• If an adult adopted or surrendered person is deceased, their adult child or spouse (if there is a minor child) may request a non-certified copy of the adopted or surrendered person’s original birth certificate. Please note registration with IARMIE will be required before the non-certified copy of the original birth certificate can be released. Click here for the Surviving Relative of a Deceased Adopted Person registration forms.
THIS FORM is to be used by adopted or surrendered persons to submit a request for a non-certified copy of the original birth certificate. Once completed, the form, along with a legible copy of identification (driver's license, state issued identification card or passport) and a check or money order for $15 (made payable to Illinois Department of Public Health) should be sent to IARMIE.
THIS FORM is to be used by birth parents to specify their wishes regarding contact and the release of their identifying information on the original birth certificate. This form, along with a legible copy of identification (driver’s license, state issued identification card or passport) and either a completed IARMIE Medical Questionnaire form or a check or money order for $15 (made payable to Illinois Department of Public Health) should be sent to the IARMIE .
Either of these forms and required documentation should be sent to:
Illinois Department of Public Health
Division of Vital Records
Attention: IARMIE
925 E. Ridgely Ave.
Springfield, IL 62702-2737
Questions may be directed to the Illinois Adoption Registry at 877-323-5299.
Get more information about the Illinois Adoption Registry and Medical Information Exchange.

Link to Chicago Tribune story:  http://www.chicagotribune.com/news/local/ct-met-adoption-birth-certificates-20120318,0,7825341,full.story

STOP CHIFF

STOP CHIFF

Baby Traffickers: Nightlight Adoption Agency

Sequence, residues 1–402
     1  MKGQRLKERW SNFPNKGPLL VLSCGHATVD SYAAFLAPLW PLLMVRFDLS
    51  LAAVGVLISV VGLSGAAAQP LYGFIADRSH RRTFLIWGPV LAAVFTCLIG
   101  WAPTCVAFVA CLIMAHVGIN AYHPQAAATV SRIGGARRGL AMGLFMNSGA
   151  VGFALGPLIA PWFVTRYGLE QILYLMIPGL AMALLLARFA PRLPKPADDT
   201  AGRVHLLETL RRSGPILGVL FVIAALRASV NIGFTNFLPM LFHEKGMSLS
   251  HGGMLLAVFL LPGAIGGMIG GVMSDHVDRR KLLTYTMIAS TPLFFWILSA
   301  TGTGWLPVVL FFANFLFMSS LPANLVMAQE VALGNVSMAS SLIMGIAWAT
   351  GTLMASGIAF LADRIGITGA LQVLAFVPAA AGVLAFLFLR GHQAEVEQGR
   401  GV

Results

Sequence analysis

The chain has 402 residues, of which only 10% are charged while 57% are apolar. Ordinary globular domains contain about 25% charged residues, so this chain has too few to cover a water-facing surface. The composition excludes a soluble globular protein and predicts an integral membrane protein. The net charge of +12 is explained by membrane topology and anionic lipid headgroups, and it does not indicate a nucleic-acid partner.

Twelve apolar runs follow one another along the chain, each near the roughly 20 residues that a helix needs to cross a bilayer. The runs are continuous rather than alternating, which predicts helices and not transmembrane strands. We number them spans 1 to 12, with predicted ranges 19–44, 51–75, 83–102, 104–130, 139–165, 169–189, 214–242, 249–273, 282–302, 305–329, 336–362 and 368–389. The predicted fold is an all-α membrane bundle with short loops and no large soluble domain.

Nightlight Christian Adoptions has been the subject of at least two investigative articles by The Charleston Post and Courier where they looked at Nightlight in Greenville and attorney Raymond Godwin.
Just go to http://www.postandcourier.com/and search Nightlight Christian Adoptions and look for "The Price of Adoption" on Sept 21 and "Attorney Says Oklahoma Tribe Never Expressed Interest Before Infant's Birth" on Sept 14.

Raymond's wife Laura Beauvais-Godwin heads the Nightlight offices in Greenville SC. Both Nightlight and Godwin's law offices share the same building address at 1527 Wade Hampton Blvd in Greenville, SC 29609.

One of the articles said, "But the larger issue, according to skeptics, is the allegation that some birth mothers, agencies and attorneys conceal adoptions and prevent birth fathers from asserting parental rights." and "Once these agencies and lawyers get the birth mother on the hook ... they tell these birth moms not to answer any calls from the dads," said Shannon Jones, the Charleston attorney who represents Simmons and Brown. "Of course, then they argue the dad is a deadbeat."

Which is exactly what happened to Dusten Brown.

Source: http://pullthisblogover.blogspot.com/2013/09/an-open-letter-to-matt-and-melanie.html (comment)

Keep Veronica in your prayers